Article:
Friday, 12 August 2016

The Many Origins Of Jaka (Part 2)

A portfolio of 10 Signed & Numbered Prints from "Jaka's Story"
Raising Funds For The Restoration & Preservation Of The World's Longest Graphic Novel


Dave Kopperman said...

Why I thought this, but watching that video made me wonder if there was ever a cat portrayed in Cerebus. There were a couple of dogs sprinkled in (the shepherding bits come to mind), but no actual pets in the entire narrative.

ChrisW said...

I've recently been reading the "Little House on the Prairie" series - no, I'm not sure why, but I have enjoyed them immensely - and this comes through as well. The first book, "Little House in the Big Woods" even has a scene where Laura and Mary play with their dolls. Mary is old enough to have a real doll, Laura only has a corn cob in a handkerchief. "But it was a good doll. It was named Susan. It wasn't Susan's fault that she was only a corn cob." Garth Williams' illustration perfectly shows two little girls playing with their respective dolls in a way that instantly melts your heart.

Later in the book, Laura gets a real doll, Charlotte, and the cover shows her smiling at her doll, who goes on to make occasional appearances for the rest of the series. A couple of days ago, I was thrilled by a Google search to discover that the one, true Little House on the Prairie that Pa Ingalls built still exists, and I would be just as thrilled to know that somewhere, Charlotte is still around. I doubt I'll ever visit any of the various Laura Ingalls Wilder museums, but I very much hope that one of them has Charlotte, safe and secure, just as Laura would want.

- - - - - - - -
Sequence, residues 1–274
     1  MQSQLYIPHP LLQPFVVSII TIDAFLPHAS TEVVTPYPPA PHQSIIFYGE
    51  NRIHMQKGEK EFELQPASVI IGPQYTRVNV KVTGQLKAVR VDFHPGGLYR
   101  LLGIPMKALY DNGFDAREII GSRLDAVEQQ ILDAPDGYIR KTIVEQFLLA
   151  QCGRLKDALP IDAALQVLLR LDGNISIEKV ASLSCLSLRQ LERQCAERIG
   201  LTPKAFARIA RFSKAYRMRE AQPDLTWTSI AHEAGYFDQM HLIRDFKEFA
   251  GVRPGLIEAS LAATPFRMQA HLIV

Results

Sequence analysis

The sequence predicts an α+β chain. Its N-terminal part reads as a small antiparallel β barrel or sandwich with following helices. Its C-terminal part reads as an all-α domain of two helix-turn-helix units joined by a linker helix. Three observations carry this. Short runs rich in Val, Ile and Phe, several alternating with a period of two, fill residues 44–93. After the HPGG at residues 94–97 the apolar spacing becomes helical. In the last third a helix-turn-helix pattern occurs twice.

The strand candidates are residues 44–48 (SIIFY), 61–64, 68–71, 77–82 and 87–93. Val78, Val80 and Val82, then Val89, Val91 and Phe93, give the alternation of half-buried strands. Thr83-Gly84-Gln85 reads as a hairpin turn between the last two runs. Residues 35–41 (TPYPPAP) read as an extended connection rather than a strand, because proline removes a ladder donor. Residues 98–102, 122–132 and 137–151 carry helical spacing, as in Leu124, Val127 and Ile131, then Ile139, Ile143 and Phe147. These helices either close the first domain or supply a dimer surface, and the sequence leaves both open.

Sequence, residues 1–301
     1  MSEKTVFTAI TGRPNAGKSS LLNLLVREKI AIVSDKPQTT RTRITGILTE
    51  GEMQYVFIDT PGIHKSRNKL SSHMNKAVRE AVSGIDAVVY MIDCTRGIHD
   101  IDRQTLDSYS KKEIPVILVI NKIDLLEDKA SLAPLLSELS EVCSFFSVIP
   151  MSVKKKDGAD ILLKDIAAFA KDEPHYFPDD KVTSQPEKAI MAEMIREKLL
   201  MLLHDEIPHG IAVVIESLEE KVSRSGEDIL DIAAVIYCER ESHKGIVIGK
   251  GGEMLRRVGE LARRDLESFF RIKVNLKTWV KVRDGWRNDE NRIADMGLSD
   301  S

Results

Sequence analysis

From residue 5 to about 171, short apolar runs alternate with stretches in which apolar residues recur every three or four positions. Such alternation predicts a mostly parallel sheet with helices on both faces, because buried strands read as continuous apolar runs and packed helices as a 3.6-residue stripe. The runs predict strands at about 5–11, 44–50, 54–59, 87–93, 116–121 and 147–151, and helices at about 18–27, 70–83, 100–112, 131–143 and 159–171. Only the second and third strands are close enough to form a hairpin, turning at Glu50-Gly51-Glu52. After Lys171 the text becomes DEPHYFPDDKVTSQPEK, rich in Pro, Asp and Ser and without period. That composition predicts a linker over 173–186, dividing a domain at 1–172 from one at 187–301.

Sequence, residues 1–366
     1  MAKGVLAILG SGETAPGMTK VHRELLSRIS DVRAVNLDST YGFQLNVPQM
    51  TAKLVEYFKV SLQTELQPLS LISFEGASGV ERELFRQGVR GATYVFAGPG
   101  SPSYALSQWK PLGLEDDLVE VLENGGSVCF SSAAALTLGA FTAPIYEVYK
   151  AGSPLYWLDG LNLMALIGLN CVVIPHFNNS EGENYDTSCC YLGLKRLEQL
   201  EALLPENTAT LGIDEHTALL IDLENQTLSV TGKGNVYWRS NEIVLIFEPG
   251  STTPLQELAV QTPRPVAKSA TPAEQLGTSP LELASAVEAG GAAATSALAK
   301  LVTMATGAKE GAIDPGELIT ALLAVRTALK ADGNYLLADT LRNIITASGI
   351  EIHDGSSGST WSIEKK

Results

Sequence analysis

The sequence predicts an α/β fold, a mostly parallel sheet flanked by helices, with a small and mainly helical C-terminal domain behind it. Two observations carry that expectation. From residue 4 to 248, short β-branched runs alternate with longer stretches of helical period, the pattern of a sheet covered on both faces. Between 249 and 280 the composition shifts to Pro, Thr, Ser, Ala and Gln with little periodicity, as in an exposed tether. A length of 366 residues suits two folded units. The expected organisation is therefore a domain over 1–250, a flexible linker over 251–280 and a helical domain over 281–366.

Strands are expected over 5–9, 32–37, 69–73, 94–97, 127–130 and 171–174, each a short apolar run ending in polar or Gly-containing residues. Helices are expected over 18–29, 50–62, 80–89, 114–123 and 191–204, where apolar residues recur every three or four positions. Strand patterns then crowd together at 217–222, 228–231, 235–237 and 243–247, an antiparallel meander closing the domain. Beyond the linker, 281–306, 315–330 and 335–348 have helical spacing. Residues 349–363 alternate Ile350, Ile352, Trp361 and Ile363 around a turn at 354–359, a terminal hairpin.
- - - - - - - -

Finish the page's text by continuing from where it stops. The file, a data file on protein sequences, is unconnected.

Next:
Unlike Jaka, Laura did not grow up privileged, unless you count being born to Pa and Ma Ingalls as a privilege, which, let's face it, it was. Reading the books as an adult, it's astounding how much description there is of food, and the ways to kill it, skin it, slice it, and grow vegetables too. Book 3, "Farmer Boy," the childhood of Laura's future husband is even more in-depth on just how much work little children had to do to help their families stay alive, without technology.

In the climax of Book 7, she solves an arithmetic problem in her head which, honestly, nobody today could solve without a calculator on their phone, watch or computer. And she's a girl! I'm smart, I'm good at arithmetic, and this fourteen year old girl would beat me like a retarded quadriplegic. Never mind the spelling, grammar, history, etc. lessons, the recitation, never mind that she can skin a pig, sew a shirt, plant a field, grow a garden, clean a house, cook a meal, all without technology, and live up to basic standards of decency while doing it. And yeah, she has a doll in her younger years.

[Yes, I know that this was edited and sanitized by Laura and her daughter Rose. But seriously, that was how Laura grew up, and it's what she was expected to do automatically, which she did because she was a good girl. That scene when a blizzard hits while Pa and Ma are in town, so Laura and Mary decide to bring in as much wood as possible, but fuss about how to open the door if their arms are full of wood, and little Carrie - barely old enough to talk - volunteers to open the door? That gets a full-throated masculine 'you go, girl' from me and anybody else unfortunate enough to be stuck in that blizzard.]

I don't know if I'm agreeing or disagreeing with Dave at this point. Girls like dolls. That's weird, but whatever. They're girls, so you have to expect some limitations. And then there's the list of things they have to do every day by themselves, that I can't imagine grown men doing, much less finding time to advance civilization. I'm approaching the end of the series now, and seriously thinking that once upon a time, Giants walked the Earth.